We hadn’t been there long before I began to realize that in addition to their “home” and “outside” shoes, my parents also had “home” and “outside” food, and a “home” and “outside” style of speaking. When he was home, my father enjoyed spicy, fragrant curries and homemade roti, stews with chicken feet and cassava bread for lunch, but he brought ham and cheese sandwiches on white bread to work. My mom’s island accent was barely perceptible when she called our family doctor or asked the neighbours about the garbage collection schedule, yet at home — or in a Caribbean food store when she asked about the freshness of the plantain or salt fish — her English was accented and fast. The day the large man who lived beside us leaned over the fence that separated our houses and called my father a foreigner and told him to go back where he came from was the first time I noticed the fatigue of immigrant life on my dad’s face.

I never knew if he was more angry at what the man said, or the fact that I was there to hear it, but that night at dinner he began sharing stories with my brother and I about how difficult it had been to get a recent promotion at work, despite being the most qualified. Detecting an accent, his boss had asked him where he was from and then said that he “didn’t know that there were white people in Guyana.” He talked about his Asian desk mate who was advised not to bring “stinky” food for lunch and the company’s parking attendant who repeatedly pronounced our last name wrong, despite being corrected every day for more than five years. Still, he said he was grateful to be living in Canada.

Once, a cousin came to visit from Guyana and we thought it was funny how serious he was when he talked about the streets being paved with gold. It wasn’t just a saying for him — he really did have a grand vision of life in Canada as full of ease and prosperity. I was reminded of this years later when my post-colonial literature professor wrote this quote on the chalkboard: “I came to America because I heard the streets were paved with gold. When I got here, I found out three things: First, the streets weren’t paved with gold; second, they weren’t paved at all: and third, I was expected to pave them.”

People leave their countries for lots of reasons, one of the most common being to seek a better life. According to the Cato Institute 2021 Immigration and Identity National Survey, more than half of first- and second-generation immigrants to the United States said economic gain was the main reason that they or their parents left their home country. This was the case for my parents as well, but they were also seeking safety — their village had been plagued by terrifying rioting and looting, they had seen friends and family brutally killed, and they barely had food to eat.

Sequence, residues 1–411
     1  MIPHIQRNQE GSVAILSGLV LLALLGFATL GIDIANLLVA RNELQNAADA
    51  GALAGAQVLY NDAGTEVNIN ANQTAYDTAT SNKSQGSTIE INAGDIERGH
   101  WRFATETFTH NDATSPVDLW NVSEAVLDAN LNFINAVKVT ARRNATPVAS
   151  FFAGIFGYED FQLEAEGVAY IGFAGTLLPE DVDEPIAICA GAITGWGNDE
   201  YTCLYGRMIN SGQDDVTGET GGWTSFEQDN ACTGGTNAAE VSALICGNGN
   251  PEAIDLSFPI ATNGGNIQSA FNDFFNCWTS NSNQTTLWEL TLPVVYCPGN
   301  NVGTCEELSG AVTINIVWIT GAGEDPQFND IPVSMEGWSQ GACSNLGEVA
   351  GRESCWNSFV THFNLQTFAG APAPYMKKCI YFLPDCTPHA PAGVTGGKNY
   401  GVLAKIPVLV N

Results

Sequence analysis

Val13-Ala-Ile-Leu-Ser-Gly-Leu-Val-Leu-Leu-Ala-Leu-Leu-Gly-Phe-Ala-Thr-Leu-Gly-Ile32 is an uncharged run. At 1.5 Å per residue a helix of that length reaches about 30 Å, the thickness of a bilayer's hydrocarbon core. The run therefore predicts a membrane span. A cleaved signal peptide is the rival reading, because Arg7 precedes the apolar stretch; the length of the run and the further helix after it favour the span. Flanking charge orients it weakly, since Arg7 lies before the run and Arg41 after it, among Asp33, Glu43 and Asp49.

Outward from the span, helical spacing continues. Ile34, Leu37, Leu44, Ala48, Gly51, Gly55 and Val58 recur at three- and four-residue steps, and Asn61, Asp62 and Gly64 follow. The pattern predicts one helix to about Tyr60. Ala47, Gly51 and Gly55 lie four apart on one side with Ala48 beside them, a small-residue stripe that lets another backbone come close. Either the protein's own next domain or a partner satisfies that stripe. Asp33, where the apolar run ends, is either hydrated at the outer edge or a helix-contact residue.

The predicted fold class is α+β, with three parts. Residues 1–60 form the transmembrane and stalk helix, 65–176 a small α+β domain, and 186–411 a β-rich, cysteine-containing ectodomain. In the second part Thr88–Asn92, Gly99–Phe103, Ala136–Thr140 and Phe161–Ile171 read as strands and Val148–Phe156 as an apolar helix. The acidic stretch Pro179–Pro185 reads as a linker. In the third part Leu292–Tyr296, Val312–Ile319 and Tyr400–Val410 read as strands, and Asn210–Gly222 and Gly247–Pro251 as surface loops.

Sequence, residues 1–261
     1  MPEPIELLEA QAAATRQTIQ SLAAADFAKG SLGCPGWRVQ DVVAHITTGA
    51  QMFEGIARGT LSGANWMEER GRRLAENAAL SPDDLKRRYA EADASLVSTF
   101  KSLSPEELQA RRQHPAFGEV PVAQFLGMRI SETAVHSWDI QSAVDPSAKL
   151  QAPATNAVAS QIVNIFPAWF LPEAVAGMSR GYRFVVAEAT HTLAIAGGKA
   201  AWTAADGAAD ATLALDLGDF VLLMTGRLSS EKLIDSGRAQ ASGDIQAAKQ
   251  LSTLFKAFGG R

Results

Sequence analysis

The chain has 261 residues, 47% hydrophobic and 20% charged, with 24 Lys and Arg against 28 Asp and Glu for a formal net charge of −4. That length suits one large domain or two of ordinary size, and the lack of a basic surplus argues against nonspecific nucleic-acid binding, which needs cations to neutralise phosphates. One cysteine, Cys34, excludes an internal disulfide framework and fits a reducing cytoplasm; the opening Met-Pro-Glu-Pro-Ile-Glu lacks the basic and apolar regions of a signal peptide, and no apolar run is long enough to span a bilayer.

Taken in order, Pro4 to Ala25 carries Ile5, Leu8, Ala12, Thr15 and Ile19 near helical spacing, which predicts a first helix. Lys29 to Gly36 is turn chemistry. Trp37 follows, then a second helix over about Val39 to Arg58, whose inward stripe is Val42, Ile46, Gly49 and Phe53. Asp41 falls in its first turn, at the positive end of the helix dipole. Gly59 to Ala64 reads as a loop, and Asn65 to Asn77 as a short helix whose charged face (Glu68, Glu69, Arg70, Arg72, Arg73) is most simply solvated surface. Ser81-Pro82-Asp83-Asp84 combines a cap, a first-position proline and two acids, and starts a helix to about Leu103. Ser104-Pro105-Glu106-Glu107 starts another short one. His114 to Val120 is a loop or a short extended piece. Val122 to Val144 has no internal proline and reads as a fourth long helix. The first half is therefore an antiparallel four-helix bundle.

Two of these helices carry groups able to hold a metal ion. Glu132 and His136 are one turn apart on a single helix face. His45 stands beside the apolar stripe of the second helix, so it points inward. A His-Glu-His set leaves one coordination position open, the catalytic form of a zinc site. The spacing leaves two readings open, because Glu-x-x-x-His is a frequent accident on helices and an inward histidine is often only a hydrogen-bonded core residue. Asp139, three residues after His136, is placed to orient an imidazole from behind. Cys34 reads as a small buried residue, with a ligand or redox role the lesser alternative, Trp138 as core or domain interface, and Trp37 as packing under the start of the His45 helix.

It makes sense, then, that my dad said he was happy, despite the systemic racism and hate he came across every day just for speaking differently and having a last name people stumbled on. Many immigrants would say the same.

Arthur C. Brooks writes in The Atlantic that immigrants actually have a “happiness advantage” — one study showed more than 7,000 immigrants to the U.S. over age 60 were generally happier than U.S.-born people of the same age. One reason for this, according to Brooks, who hosts the podcast The Art of Happiness with Arthur Brooks, is the link between immigrants and entrepreneurial spirit. Immigrants live “start-up lives,” Brooks writes: “They put social, religious, and linguistic capital at risk; they act out of faith in themselves and their future; they pursue outstanding returns, denominated in money or not.”

And there’s an important flip side to the happy immigrant, he says — newcomers are also good for everyone else. “The research is conclusive that societies that are open and welcoming to immigrants experience large happiness gains when they come, while societies with negative attitudes about immigration experience declines in average well-being when immigration rises,” he writes.

And yet, we continue to dislike immigrants, who are often “denigrated for political ends,” and seen as “interlopers,” according to Brooks. If my dad were alive, I think he would be disappointed to see that not much has changed in terms of how newcomers are perceived since he first set foot on Canadian soil. But he would also agree wholeheartedly with Brooks’ assessment of immigrants and all they bring to their new home.

“Immigrants are a model for how all of us can live without accepting our status quo, how the circumstances of our birth do not necessarily confine us,” he writes. “That is worthy not just of grudging acceptance, but of admiration and gratitude.”

This story originally appeared in the Healthing Weekender. Subscribe here.